Ransomware – What you need to know

Ransomware Warning SIgns

Ransomware Warning SIgnsSo what is ransomware? It is when your computer gets compromised by an evil piece of software that detects files and encrypts them with an almost impossible way to recover your data. Why “almost impossible” you ask? Well, you could pay the ransom (typically $100-500) and you’ll actually get a key to unlock your drive. You could back up all your data on a regular basis, wipe the hard drive clean, then restore your data. Finally, you could try Shadowcopies of your data (if running a newer version of Windows), although this is less likely to be of use. I also want to take a moment to note that MACS are also vulnerable to the newer versions (Cryptowall 3.0), because they can detect 64 bit OS’s and encrypt their drives too.

So let’s talk about the steps you can take as a home user (and later we’ll add some information if you are a business or corporate level user) to protect yourself.

  • BACK UP YOUR DATA REGULARLY. So if that wasn’t clear enough as the #1 tip, let me restate it BACK UP YOUR DATA REGULARLY. What does regularly mean? Well if you can’t lose one day of data, then back it up every day. If you could withstand a few days of data missing, then back it up every few days or once a week.
  • Filter the extension “.exe” from your email. What this means if someone sends you a file disguised as something else but is a harmful executable file, your email will automatically reject it or discard it.
  • Disable files from running from the APPDATA/LOCAL folders (which may be hidden, you’d have to choose to show all files folders on your system). If you don’t know how to do that, Third Tier made this awesome tool just for you and it does the work automatically.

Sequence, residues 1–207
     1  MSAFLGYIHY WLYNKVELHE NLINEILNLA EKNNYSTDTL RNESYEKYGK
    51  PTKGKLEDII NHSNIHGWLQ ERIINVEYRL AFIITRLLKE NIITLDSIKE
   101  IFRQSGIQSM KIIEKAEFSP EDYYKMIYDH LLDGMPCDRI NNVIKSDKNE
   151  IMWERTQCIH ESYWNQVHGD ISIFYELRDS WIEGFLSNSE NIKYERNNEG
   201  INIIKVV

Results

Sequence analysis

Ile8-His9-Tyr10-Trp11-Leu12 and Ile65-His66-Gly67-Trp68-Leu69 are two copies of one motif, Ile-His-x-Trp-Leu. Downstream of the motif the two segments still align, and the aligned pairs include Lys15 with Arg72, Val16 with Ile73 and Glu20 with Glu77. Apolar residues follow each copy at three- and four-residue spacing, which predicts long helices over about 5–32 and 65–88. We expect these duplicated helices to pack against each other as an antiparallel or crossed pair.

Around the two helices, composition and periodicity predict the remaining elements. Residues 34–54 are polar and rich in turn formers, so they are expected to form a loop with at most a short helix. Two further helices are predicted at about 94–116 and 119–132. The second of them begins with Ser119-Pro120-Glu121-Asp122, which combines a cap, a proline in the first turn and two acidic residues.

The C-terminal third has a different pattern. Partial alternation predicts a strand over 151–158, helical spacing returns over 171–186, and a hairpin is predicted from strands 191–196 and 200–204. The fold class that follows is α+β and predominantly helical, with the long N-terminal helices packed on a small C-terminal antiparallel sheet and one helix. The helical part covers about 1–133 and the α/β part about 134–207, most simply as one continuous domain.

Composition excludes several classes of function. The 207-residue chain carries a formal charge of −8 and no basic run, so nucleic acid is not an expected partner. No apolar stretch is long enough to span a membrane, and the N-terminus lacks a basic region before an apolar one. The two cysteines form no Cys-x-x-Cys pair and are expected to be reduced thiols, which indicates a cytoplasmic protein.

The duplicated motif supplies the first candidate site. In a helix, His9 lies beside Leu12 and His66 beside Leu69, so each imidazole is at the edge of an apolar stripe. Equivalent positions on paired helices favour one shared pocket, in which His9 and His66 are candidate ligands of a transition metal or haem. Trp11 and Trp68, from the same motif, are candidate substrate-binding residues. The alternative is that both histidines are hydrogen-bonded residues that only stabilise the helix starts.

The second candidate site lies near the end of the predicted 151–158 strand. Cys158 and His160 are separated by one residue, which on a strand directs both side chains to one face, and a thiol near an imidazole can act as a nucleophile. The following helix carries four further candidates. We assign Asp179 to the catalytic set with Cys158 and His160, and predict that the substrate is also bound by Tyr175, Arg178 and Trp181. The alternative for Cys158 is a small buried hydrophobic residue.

• If you don’t use RDP (and many businesses do) disable this feature. This is one of the methods that this virus spreads.
  • Make sure you’re keeping your windows updates and AV updates current. Nothing screams “infect me” like a system where the user keeps clicking “remind me later”.

Some other items of note: If you get infected by the Cryptolocker ransomware, you might be able to decrypt using  this tool or this one, depending on version that attacked you. Let me also point out that if you have mapped drives (you go to computer and see a bunch of letters with drives attached) these pieces of ransomware software can encrypt those too. So if you’re at work, your coworker opens something they shouldn’t and gets encrypted, time is of the essence to get that machine completely disconnected from the network. Within 10-60 minutes, all mapped drives (company drives) could be affected, effectively shutting you down.

For business networks (and even the tech savvy home user) there are some advanced trickery you can try. It’s no guarantee it will stop these ransomware thugs from getting to you, but it has worked in the past.  Much of the new code doesn’t execute itself until it checks to see if it’s on a virtual machine or a real machine. If it’s on a virtual machine, the software shuts itself down and deletes itself. Why? Because your data isn’t stored in a virtual machine, so there is nothing for it to encrypt. If it installs itself, it runs the risk of being discovered and defeated. Cisco writes a nice post about it here that is well worth the read. They talk about adding code into your physical servers to trick the ransomware into believing it is on a virtual machine, thus not attacking it at all. Very sneaky, and well worth inserting the code. Won’t hurt, and could very well be the difference in becoming encrypted or not.

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